That’s how PC World recently described HD Radio. It along with netbooks, municipal Wi-Fi, the Segway, Internet appliances, and seven other technologies made the magazine’s fizzled tech list.
Maybe it was just coincidence, but about the same time the Long Beach Press-Telegram reported:
Radio Shack is essentially out of the HD Radio business. A shame, since the Shack was one of the early supporters. Radio Shack has every one of its house brand HD Radio units on clearance.
Add to that a steady stream of critical comments about HD Radio on the audio “gearhead” forums. Here’s an example of a recent comment:
HD radio sounds awful. Regular FM sounds more pleasing. It (HD) is distorted and crunchy like an old low bitrate MP3. The god awful top end is not worth it.
While tech discussion groups are generally critical of most things, it is nearly impossible to find even HD users praising the service. The best they seem to say is that it isn’t as bad as people claim.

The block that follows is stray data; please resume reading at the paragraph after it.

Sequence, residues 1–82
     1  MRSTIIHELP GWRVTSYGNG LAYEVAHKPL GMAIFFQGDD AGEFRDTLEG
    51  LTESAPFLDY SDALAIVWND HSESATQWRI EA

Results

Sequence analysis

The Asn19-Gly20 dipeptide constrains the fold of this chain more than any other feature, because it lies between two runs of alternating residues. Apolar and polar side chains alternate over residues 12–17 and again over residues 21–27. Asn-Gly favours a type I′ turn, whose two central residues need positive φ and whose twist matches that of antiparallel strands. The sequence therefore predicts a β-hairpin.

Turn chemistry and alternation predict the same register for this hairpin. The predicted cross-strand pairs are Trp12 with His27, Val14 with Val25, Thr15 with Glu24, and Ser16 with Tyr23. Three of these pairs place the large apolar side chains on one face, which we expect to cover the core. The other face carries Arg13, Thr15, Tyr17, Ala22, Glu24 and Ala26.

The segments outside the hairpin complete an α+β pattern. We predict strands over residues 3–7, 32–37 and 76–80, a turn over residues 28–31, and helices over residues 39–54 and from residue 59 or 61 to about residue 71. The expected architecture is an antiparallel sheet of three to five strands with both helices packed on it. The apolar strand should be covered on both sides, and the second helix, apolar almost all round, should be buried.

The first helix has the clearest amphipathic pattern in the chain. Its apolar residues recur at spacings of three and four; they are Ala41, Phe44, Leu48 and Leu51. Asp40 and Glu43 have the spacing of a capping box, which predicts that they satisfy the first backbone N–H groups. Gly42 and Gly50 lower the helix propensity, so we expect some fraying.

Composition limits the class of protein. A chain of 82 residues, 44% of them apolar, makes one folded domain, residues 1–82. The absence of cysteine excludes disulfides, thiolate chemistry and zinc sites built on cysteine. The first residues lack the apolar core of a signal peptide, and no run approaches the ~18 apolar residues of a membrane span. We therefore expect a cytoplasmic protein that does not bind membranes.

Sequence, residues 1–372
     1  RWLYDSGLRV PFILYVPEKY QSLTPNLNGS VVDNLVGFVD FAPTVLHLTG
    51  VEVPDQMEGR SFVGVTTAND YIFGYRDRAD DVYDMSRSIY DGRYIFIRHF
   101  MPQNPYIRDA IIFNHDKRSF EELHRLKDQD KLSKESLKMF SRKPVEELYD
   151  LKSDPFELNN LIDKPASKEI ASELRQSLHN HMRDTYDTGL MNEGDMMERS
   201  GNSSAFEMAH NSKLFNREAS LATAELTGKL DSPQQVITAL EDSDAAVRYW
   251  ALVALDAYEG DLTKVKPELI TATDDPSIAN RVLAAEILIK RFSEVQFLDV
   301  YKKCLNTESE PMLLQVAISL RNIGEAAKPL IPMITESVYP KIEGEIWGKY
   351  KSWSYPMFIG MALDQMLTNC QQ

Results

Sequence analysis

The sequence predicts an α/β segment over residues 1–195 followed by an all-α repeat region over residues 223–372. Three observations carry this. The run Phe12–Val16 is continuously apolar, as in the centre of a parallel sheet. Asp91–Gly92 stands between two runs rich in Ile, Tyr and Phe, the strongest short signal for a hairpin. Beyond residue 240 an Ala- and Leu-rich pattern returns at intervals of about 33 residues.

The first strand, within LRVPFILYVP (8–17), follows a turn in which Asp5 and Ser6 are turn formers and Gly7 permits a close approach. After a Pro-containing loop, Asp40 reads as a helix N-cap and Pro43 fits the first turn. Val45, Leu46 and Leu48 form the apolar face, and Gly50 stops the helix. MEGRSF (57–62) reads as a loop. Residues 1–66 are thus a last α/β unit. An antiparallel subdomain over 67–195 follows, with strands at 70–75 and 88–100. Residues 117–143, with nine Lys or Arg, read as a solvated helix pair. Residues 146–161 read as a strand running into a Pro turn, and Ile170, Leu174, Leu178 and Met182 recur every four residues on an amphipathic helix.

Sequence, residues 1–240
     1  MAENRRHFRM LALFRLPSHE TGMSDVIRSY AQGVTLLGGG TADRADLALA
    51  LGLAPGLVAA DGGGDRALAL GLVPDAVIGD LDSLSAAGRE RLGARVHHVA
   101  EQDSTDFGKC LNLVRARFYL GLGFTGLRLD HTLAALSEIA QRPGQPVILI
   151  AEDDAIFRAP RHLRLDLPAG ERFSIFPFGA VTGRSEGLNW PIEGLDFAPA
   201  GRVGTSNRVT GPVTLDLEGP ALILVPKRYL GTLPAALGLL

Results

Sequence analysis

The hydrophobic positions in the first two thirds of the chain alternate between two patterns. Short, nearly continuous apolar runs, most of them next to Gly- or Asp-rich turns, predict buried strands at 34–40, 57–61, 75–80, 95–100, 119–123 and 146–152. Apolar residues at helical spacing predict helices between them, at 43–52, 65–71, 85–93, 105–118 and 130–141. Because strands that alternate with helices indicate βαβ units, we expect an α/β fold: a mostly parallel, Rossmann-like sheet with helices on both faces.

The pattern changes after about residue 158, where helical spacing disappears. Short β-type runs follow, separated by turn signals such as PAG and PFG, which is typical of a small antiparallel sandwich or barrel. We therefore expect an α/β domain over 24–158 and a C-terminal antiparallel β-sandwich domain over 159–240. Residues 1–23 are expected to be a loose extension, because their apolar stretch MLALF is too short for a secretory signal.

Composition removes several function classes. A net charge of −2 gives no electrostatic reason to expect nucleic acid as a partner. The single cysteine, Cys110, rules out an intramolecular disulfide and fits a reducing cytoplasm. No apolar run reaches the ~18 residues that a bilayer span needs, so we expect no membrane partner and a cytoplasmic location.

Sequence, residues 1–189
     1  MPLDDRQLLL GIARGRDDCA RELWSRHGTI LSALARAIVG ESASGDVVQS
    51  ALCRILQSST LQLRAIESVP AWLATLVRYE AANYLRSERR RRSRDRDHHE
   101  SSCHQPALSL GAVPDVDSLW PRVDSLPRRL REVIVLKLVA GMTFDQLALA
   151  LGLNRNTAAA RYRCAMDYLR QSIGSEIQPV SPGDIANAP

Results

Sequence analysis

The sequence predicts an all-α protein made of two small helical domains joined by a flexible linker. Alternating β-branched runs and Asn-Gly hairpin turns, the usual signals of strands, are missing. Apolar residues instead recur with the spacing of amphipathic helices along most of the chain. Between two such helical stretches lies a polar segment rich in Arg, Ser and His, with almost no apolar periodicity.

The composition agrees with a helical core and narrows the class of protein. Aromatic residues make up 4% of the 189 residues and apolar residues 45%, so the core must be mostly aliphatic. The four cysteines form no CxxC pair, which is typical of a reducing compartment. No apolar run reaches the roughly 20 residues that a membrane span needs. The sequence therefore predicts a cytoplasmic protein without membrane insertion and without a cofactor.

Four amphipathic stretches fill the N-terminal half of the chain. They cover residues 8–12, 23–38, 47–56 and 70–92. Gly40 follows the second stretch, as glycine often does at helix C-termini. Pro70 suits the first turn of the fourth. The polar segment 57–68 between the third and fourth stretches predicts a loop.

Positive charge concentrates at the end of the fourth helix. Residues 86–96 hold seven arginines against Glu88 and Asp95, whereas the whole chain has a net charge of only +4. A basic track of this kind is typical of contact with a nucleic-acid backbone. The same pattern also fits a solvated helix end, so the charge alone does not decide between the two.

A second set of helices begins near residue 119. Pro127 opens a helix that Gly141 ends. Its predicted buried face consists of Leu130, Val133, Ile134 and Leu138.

The HD alliance can take some solace that disinterest and criticism of digital radio seems to be international.
London’s Daily Mail reports that analog radios are outselling digital radios three to one in the UK. Slow US HD radio sales are understandable because Americans will be able to listen to analog radio for the foreseeable future.
The U.K. intends to shut down analog radio broadcasting all together once digital penetration reaches 50%, a goal that is moving further and further away as people continue to buy analog radios.
Australian radio is also seeing slow digital sales. Consumers there remain skeptical and complain about quality of service:
In Australia digital radio is suffering from poor reception and in many areas there is no reception. In metropolitan areas such as Sydney digital radio owners are struggling to lock onto a signal.
The fact is, digital radio sales are weak everywhere. Enthusiasm for digital is not growing. If anything, many early adopters have become outspoken critics.
Despite massive marketing efforts, listeners in multiple countries are shrugging their shoulders and telling us that the promised benefits fall well short.
And that’s why technologies fizzle.